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Focused on Residential and Commercial Real Estate

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Posts tagged "Commercial Real Estate"

Commercial real estate industry skyrockets nationwide

Recent research revealed that the property industry has been flourishing in recent years in New York and other parts of the United States. In a sense, it is reflecting the condition of the current economy as a whole. Based on this, now may be a wise time for people to consider investing in commercial real estate if they have not done so already.

Commercial real estate offers special perks

New York investors with experience in the residential property industry might want to quickly make the switch to the nonresidential side of the industry. The reason for this is that buying commercial real estate offers several advantages over purchasing residential properties. Here is a look at how commercial real estate differs from residential real estate and the unique perks that come with it.

Older commercial real estate properties present challenges

Investors throughout the United States, including New York, are increasingly searching for authentic and unique offices in buildings that are older. After all, these commercial real estate properties have architectural character. However, the challenge with these buildings is that incorporating cutting-edge technology into them can present a challenge.

Proptech to impact commercial real estate

Technology is impacting how professionals in a variety of industries in New York operate nowadays, including those who own and lease nonresidential property. In the commercial real estate world, the specific type of technology that is starting to gain ground is called proptech. Here is a glimpse at what proptech is and its potentially far-reaching impacts in the future.

Commercial real estate differs from residential properties

Individuals in New York usually view investing in residences as the same as investing in business properties. In reality, these two types of investing are very different. Here is a glimpse at what makes residential real estate and commercial real estate investing so different in New York and elsewhere.

Commercial real estate affected by multiple factors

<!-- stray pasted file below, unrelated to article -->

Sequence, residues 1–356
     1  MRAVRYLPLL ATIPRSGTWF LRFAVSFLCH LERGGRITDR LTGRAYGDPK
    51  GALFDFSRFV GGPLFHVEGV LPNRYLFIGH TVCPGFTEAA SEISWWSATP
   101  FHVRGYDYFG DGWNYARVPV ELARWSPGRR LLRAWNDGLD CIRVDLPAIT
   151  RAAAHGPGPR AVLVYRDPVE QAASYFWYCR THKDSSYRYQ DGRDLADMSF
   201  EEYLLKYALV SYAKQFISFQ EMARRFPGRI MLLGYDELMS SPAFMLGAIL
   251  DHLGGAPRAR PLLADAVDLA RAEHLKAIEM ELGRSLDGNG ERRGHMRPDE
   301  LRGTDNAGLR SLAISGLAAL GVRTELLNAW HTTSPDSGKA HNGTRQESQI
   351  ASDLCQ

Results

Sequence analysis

The property industry across the country, including in New York, is going through constant change as a result of various factors. Some of the changes taking place are presenting challenges to today's commercial real estate investors, whereas others are presenting opportunities. Here is a peek at what some of these changes are and how they might affect investors in the Empire State.

More foreigners showing interest in commercial real estate

Recent research indicates that a growing number of foreign investors are interested in buying non-residential properties in the United States, including in New York. According to a study, about 20 percent of real estate agents who facilitate commercial real estate transactions closed sales with international clients last year. Furthermore, more than a third of them have seen an upswing in the quantity of foreign investors knocking on their doors.

Commercial real estate mistakes may prevent a sale

The process of selling a business property is not always straightforward. Unfortunately, common selling mistakes may make it impossible for a seller to unload his or her commercial real estate property. Here are a couple of mistakes to avoid when selling a piece of property in New York.

Blockchain technology will likely impact commercial real estate

The fluctuations that have taken place in cryptocurrency have understandably made some investors and real estate professionals nervous. However, many real estate brokers in New York and elsewhere have reason to think that cryptocurrencies will drastically change the commercial real estate market. In fact, the changes could come as soon as five to 10 years from now.

Commercial real estate deal allows NYU to expand downtown space

New York University recently completed a commercial property deal for extra space at a popular Downtown Brooklyn center. The commercial real estate transaction involves a space that spans 26,000 square feet. As a result of the deal, the university will end up occupying the majority of the building's 22nd floor.